Interview season is starting at my program. I’m trying to remember what it felt like to be a fourth-year student, interviewing, watching the Match draw closer one day at a time. I remember intense fear – that I would forget some essential piece of the application; that I had applied to programs way too good for me, and would get no interviews; that I would get lost on the way to an interview, and arrive two hours late, or never; that I would say something incredibly stupid; that I had said something incredibly stupid; that no one would really want me for a resident (to this day, I still can’t believe that someone did; I am so grateful to my program director for taking me); and so on. But overall, those winter months last year seem so far away – a different life, maybe a different universe.

At the beginning of third year, anatomy and the beginning of med school seemed a long time ago. During fourth year, those lost months at the beginning of third year, when I got my feet under me and learned what clinical medicine was, seemed to be ancient history. Now, only four months later, June seems to be a million years ago. Being a doctor is like a new skin that has grown to fit. Like the long white coat, at the beginning of the year, the title “doctor” seemed strange and foreign – misplaced. Now, like my coat (a comfortable shelter and repository of treasures), it feels right. I am a doctor. In July, I was a medical student pretending to be a doctor. Now, although there’s a long way to go before I’m anything like a good one, I am a doctor.

And I am a surgeon. During fourth year, even though we had chosen our specialties and started to give our loyalties to them, we were still undifferentiated, as it were: genus medical student. Now, only a few months later, we’ve clearly speciated: surgery, ER, medicine. We’ve embraced the stereotypes. As a medical student, I used to think perhaps I could be “a different kind of surgeon.” Now, although I’m still trying to be polite to nurses and medical colleagues and patients, I’ve changed my goals somewhat: I want to be that cowboy, go-getter, jump-into-trouble, stereotypical surgeon. (And the medicine interns write three-page notes, thoughtful, discursive, dissecting every inch of the patient’s pathogenesis; and the ER interns vaunt their need to learn only [ok, primarily] emergent interventions and management.)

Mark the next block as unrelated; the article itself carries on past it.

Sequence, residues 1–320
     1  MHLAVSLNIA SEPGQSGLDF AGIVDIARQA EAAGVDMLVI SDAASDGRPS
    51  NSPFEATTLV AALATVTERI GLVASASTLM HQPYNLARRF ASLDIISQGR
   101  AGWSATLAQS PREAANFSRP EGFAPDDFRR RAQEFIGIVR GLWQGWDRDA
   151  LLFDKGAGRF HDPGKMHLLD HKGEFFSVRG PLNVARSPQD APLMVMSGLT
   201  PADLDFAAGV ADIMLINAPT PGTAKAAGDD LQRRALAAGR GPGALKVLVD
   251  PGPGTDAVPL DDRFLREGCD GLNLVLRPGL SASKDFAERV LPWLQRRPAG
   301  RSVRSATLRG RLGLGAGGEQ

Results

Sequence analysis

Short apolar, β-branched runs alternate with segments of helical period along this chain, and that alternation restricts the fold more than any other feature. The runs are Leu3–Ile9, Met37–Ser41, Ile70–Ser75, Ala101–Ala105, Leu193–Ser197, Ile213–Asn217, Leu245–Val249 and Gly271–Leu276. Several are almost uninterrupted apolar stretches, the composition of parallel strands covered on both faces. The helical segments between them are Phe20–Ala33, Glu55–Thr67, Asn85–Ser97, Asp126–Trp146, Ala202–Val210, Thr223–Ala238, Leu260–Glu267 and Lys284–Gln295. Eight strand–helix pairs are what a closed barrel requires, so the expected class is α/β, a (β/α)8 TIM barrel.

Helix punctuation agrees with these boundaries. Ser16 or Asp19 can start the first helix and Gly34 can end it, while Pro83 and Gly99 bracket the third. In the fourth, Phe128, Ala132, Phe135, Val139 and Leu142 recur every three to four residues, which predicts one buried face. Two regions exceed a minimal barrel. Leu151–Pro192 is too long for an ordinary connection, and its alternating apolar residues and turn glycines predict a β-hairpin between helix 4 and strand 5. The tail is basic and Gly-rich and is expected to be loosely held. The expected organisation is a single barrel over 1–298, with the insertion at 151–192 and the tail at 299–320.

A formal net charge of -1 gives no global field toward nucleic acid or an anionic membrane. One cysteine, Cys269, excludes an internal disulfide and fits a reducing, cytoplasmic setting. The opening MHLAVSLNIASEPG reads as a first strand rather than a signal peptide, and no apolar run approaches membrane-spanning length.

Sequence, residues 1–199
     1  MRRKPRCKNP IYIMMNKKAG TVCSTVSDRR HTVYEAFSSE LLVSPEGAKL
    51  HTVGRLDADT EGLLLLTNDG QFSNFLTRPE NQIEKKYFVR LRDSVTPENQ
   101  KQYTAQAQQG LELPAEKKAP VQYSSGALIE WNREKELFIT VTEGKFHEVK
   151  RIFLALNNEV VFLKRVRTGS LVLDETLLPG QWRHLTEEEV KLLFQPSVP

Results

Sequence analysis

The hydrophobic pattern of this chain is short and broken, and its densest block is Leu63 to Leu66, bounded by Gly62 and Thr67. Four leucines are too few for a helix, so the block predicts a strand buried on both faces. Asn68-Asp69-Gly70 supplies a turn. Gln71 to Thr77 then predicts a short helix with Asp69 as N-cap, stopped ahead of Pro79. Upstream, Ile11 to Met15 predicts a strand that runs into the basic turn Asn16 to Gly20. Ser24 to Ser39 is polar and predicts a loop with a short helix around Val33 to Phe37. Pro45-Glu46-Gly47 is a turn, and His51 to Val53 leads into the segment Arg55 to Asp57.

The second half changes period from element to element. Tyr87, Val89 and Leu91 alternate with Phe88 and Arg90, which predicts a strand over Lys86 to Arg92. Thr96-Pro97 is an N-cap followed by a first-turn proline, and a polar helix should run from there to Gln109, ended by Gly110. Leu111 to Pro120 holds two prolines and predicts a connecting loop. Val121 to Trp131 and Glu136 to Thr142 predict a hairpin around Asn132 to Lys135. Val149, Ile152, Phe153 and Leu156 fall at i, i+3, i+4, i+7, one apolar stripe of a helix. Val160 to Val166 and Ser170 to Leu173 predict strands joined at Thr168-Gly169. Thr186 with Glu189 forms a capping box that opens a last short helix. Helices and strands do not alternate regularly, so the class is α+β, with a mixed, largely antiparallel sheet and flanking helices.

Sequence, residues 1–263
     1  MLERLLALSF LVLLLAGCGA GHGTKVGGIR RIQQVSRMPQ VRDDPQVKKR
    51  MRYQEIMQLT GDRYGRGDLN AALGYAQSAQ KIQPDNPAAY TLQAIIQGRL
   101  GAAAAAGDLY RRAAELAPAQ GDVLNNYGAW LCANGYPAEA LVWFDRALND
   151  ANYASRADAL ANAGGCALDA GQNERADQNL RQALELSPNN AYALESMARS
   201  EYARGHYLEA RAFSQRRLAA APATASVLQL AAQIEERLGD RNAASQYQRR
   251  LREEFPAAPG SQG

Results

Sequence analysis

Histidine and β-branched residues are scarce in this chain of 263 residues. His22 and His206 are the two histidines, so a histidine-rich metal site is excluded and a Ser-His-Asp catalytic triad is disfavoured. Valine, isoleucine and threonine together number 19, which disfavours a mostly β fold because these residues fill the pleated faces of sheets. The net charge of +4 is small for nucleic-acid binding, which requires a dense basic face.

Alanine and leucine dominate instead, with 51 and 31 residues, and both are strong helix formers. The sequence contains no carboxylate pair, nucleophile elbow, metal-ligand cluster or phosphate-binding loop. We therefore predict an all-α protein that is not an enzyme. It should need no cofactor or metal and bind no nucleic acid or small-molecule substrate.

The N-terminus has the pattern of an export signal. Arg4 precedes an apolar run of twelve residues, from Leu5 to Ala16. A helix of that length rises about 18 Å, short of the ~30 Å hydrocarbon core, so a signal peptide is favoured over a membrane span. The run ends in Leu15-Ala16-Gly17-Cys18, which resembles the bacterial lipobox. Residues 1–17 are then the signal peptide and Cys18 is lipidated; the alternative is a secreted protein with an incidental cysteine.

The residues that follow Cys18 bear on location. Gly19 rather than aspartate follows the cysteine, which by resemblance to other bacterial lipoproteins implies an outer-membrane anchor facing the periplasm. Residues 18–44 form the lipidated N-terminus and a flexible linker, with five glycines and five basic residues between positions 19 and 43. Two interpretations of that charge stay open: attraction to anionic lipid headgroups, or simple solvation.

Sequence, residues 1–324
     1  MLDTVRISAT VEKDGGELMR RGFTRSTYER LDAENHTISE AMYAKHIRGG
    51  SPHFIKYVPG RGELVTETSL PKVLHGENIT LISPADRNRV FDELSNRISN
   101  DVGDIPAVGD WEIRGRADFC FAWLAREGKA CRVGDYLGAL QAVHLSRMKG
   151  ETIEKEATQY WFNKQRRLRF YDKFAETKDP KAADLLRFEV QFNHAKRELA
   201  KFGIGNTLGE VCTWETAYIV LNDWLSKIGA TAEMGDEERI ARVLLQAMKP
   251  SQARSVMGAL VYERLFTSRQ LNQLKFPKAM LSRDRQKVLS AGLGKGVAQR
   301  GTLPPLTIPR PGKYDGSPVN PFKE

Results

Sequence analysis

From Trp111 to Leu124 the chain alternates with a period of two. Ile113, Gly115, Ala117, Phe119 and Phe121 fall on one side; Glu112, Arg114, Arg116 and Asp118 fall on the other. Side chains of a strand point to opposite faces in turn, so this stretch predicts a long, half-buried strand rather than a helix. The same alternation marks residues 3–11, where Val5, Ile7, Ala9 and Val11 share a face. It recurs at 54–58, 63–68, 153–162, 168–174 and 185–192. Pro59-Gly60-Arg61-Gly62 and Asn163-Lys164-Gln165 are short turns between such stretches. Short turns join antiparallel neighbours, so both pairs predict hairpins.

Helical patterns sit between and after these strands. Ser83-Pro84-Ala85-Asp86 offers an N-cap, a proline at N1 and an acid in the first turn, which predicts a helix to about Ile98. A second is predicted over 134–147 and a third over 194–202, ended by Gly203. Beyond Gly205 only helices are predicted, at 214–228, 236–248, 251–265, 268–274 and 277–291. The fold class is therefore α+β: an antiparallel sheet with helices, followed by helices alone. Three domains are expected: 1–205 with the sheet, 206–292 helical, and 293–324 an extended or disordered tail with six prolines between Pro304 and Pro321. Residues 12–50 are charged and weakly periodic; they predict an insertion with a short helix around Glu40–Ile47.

But to us interns, the best thing about interview season is the reminder that we are almost halfway done with the year. Next year’s crop of – victims, laborers, colleagues – is almost ready. Six-seven more months, and we won’t be interns anymore. I remember our second years greeting us in June: “So good to see you guys; you can be the interns now.”

That’s not necessarily a good thing. I can’t really enjoy the prospect of graduating out of internship without contemplating, with dread, the prospect of being a junior resident, with all the responsibility that implies. Perhaps for just two or three months here I can enjoy watching other people interviewing for my current job, without worrying too much about what will happen next July.